The gang at CLC Tree Services has been busy all winter. And we aren’t done with the tree surgeon work yet! Our services this past winter weren’t as a result of heavy snowfalls (like last winter) or ravaging ice storms. Those kinds of storms can damage branches or large limbs, and sometimes even knock down whole trees. This year’s milder winter is a little more welcome, especially when it comes time to don our winter gear and head out to a job.
So what have we been up to, you wonder? Well, winter is a great time for tree pruning. There are no leaves to get in the way of your vision, so you can work faster and more efficiently. Plus, you can readily see whether branches are live or dead within a tree.
Winter Tree Pruning
Do you know how to spot a live branch in winter? The key for many trees is to look for its buds. In Canada, many trees set their buds in the autumn before winter sets in. If a branch is barren of buds, there is a good chance it is dead, whether from disease, insect damage or other damages sustained in the summer or early fall. Not all trees grow and behave in the same way though, so before you hack away at your dormant friends, double-check the species and its pattern of growth.
One thing to keep in mind is that for early spring-flowering trees, like magnolias, wisteria, and azaleas, if you prune in the winter, you might be removing that brilliant profusion of blooms you are so looking forward to in the coming spring.
After confirming what your tree species is, whether it sets buds in the autumn or spring, and whether you will be eliminating that floral display you cherish or not, a nice, dry, sunny winter day is the perfect time to prune a tree. One of the perks is that the tree’s sap is not running, so there is less stress and sap loss to the tree. Plus, there is less risk of insect or fungus infestation, as these pests are also dormant. So grab your pruners and loppers and get at it, before that sap starts up and maple syrup season is upon us!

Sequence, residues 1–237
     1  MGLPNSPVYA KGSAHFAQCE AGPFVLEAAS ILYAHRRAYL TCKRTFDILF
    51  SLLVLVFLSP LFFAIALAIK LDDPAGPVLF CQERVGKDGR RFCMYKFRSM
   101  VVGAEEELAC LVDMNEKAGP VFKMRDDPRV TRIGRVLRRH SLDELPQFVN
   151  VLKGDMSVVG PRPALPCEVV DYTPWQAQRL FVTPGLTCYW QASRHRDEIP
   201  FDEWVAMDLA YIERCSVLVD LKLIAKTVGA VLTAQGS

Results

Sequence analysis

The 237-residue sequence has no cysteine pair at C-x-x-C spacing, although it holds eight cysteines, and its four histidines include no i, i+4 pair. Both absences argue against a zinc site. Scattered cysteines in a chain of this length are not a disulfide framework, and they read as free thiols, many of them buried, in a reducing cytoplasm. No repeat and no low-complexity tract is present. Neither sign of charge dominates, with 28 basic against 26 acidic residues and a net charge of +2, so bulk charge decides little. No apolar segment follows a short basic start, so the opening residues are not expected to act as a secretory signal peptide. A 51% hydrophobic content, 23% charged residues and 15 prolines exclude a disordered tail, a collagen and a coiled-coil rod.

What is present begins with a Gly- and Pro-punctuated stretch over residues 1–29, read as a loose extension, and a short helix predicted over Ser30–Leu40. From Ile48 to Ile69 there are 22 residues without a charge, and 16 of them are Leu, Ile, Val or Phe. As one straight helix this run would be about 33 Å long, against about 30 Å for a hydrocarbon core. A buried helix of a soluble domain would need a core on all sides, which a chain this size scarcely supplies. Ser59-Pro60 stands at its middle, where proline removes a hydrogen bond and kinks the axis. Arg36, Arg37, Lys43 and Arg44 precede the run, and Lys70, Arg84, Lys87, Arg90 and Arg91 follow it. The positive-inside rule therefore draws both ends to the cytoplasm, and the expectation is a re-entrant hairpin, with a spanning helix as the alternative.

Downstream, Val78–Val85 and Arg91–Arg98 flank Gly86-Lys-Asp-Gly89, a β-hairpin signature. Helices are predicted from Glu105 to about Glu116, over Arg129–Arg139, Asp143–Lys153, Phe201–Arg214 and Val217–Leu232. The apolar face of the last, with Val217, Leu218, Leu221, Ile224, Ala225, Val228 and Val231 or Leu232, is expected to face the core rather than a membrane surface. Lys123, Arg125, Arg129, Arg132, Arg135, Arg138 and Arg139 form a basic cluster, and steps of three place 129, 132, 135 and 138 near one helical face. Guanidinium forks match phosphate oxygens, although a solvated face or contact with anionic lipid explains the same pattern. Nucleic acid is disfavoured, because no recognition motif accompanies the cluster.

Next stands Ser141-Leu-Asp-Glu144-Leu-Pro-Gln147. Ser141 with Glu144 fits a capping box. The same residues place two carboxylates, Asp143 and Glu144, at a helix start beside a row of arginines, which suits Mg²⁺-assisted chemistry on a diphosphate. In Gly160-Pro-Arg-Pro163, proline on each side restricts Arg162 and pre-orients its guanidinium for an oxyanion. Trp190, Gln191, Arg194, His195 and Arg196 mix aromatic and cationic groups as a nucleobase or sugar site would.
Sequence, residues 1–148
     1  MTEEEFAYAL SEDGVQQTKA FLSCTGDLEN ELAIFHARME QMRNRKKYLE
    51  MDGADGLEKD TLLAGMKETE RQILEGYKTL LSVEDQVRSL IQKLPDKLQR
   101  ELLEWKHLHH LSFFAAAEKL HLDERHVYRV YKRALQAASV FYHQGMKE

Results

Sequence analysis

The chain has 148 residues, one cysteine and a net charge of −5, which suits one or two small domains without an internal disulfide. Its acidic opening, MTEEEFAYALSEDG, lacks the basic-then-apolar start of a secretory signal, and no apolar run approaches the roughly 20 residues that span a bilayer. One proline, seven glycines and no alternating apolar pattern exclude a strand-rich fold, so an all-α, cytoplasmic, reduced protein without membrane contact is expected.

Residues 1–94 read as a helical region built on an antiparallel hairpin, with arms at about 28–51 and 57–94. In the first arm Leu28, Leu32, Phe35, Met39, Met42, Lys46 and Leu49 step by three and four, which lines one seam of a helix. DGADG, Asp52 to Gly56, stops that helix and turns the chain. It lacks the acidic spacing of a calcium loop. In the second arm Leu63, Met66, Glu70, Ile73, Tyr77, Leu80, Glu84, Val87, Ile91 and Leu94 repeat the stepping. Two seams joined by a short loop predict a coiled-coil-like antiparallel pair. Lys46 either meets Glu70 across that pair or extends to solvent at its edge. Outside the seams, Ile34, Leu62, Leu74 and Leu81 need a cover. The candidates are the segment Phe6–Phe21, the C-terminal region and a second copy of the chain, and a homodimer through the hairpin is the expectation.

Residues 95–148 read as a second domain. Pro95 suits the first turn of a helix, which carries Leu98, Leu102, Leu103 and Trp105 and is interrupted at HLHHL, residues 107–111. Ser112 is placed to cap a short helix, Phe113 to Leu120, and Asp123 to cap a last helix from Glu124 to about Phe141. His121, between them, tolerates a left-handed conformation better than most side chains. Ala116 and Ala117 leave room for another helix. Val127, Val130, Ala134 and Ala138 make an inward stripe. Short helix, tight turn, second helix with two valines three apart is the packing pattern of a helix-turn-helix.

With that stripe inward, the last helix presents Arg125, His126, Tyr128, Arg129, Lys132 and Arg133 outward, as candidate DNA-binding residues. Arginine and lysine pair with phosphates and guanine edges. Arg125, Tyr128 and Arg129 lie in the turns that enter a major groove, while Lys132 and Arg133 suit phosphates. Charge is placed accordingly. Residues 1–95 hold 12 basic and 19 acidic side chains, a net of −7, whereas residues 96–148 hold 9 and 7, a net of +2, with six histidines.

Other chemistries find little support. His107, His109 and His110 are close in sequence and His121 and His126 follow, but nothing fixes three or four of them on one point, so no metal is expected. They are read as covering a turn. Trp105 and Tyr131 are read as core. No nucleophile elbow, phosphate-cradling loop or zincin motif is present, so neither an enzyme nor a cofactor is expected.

Whenever you prune a tree, always start by removing any dead or damaged limbs. Next, look at the shape of a tree and prune according to its shape. That means cutting out branches that might be hanging down or crossing over other limbs. Eliminate branches that may reduce sufficient light or air flow to the tree as well. Cut out overgrown branches or obviously spindly limbs that deter from the overall tree’s health. Remove suckers and water sprouts as well, as they take away from the overall energy of the tree. They are usually found on the base of the tree, as well as within the interior. Plus, keep your eyes peeled for signs of disease and eliminate problem areas as necessary.
The nice thing is that once you become familiar with the process, it gets easier and faster as you go. Remember that if you are ever uncertain about whether to prune a tree or not, advice is just a phone call away. Or ask us to do it for you! CLC Tree Services are the experts after all and we’re pleased to give you a hand. Happy Pruning!